3 key nutrients to monitor when switching to a plant-based diet
Going vegetarian or vegan means you’ll need to review and adjust your eating habits. In particular, you’ll need to secure alternative sources of protein, iron and zinc. Here’s how.
The proteins we consume act as basic building blocks in our bodies, allowing us to build and repair tissue and to make hormones, enzymes and other important chemicals. While meat is a great source, vegetarians can get their fill by consuming dairy or eggs. Vegans can get theirs from nuts, pulses and soy products such as tofu, tempeh and textured vegetable protein (TVP).
Red blood cells contain a protein called hemoglobin, which uses iron to bind oxygen molecules and deliver them to cells throughout our bodies. We don’t produce iron, so we have to get it from food. While iron is present in plants, it’s about twice as hard to assimilate than the iron contained in meat, which is why we need to eat more plants to get the same amount of iron.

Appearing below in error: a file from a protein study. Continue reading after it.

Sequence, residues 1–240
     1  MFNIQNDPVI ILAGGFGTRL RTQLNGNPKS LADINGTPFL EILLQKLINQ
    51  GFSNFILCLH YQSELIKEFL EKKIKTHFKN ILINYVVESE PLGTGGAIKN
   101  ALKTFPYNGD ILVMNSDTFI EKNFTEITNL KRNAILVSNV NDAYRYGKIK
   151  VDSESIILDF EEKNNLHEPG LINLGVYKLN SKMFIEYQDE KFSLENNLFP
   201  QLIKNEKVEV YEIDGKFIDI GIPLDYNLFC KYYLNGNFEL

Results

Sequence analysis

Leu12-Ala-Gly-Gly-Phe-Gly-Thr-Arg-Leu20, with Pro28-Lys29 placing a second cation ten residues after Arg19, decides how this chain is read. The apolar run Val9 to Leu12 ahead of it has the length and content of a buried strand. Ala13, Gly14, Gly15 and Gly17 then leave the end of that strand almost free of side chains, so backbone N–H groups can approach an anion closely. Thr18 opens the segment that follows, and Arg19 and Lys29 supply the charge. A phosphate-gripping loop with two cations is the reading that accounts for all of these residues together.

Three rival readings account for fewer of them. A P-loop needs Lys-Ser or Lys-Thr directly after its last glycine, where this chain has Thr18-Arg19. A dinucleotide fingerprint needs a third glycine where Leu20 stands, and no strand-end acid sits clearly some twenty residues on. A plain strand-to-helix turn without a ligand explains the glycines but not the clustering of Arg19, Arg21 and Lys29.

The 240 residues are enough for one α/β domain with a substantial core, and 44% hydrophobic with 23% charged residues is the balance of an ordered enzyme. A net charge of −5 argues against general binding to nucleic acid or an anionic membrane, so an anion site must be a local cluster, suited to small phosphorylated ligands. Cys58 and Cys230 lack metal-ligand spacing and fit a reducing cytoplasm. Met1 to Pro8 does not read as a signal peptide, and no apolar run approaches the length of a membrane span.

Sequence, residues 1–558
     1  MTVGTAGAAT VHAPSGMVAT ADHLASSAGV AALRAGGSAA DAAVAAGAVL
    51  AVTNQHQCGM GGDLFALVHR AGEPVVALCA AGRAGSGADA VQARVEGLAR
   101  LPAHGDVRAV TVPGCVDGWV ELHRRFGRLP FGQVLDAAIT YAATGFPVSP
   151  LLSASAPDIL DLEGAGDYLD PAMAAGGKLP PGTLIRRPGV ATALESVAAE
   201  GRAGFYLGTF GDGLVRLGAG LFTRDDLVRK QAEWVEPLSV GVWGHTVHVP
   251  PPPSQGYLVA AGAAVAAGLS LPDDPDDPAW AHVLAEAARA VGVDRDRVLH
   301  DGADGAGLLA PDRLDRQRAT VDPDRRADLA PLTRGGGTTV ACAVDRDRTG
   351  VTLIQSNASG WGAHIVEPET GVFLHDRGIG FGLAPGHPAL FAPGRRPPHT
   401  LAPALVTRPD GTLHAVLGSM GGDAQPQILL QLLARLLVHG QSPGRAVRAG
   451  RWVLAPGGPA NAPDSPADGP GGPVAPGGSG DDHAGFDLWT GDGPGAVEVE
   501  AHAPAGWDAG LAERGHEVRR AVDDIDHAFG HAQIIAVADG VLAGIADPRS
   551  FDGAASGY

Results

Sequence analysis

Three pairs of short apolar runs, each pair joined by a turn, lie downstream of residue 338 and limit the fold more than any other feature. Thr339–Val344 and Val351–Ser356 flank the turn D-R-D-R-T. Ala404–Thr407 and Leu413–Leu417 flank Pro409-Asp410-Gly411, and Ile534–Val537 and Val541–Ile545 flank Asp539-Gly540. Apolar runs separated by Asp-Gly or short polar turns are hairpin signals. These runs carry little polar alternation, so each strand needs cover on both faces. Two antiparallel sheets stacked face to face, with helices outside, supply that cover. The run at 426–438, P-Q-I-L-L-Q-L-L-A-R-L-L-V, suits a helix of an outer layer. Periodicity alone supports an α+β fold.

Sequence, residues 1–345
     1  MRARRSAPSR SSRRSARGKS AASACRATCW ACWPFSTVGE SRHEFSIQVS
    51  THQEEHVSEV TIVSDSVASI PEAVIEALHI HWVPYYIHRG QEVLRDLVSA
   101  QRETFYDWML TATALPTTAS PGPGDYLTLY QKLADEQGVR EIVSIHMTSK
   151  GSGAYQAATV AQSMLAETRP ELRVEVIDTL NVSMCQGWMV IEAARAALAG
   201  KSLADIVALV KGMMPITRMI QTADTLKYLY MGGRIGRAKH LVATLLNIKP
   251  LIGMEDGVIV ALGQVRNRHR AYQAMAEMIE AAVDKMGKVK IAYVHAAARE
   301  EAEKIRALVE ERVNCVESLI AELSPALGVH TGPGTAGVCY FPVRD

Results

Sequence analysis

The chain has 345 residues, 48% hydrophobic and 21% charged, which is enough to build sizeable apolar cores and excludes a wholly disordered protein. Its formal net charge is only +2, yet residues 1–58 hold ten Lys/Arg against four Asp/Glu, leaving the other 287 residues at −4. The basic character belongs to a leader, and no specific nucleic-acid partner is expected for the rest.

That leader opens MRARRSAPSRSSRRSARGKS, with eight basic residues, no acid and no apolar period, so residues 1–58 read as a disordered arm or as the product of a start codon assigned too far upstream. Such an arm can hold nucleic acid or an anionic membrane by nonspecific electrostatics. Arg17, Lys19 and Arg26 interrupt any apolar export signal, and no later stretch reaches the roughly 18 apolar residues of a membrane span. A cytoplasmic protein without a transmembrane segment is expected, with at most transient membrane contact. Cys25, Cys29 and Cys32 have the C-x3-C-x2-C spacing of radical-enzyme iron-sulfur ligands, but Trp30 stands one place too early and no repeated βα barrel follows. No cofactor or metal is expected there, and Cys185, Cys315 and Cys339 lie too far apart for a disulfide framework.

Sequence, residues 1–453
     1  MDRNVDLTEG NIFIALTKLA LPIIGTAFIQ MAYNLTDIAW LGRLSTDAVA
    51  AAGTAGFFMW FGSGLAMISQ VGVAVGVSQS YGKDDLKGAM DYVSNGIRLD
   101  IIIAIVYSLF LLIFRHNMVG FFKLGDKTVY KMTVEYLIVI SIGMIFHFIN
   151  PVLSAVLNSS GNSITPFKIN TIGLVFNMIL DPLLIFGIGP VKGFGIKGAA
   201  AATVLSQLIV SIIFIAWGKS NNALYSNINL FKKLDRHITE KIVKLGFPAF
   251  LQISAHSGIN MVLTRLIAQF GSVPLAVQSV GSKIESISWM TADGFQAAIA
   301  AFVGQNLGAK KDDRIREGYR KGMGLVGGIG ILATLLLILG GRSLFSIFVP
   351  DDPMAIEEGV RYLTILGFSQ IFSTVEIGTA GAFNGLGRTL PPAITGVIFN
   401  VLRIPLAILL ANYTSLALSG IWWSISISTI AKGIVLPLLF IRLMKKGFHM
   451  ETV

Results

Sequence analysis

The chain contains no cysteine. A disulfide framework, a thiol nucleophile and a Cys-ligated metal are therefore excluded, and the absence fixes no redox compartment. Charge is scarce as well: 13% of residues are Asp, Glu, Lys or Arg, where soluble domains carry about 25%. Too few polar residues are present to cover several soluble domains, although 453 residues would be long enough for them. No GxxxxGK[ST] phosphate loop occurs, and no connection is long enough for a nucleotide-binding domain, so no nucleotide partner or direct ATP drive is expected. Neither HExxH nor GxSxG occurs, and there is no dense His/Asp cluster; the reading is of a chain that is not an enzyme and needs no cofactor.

Good sources of iron include dark green vegetables like spinach, Brussels sprouts, broccoli and kale as well as quinoa, pulses and tofu. In addition, eating fruits and vegetables rich in vitamin C can help us absorb iron.
Our immune system needs zinc to function properly, but it’s hard to get it from non-animal sources. Nuts, whole grains, pulses and wheat germ are good sources of zinc. However, much like iron, the zinc in plant matter is harder to assimilate, so you’ll need to eat more of the foods it’s found in.
Reducing or eliminating your meat consumption is likely to improve your health, especially if you adjust your overall diet to avoid deficiencies. However, it’s a good idea to consult a healthcare professional for advice.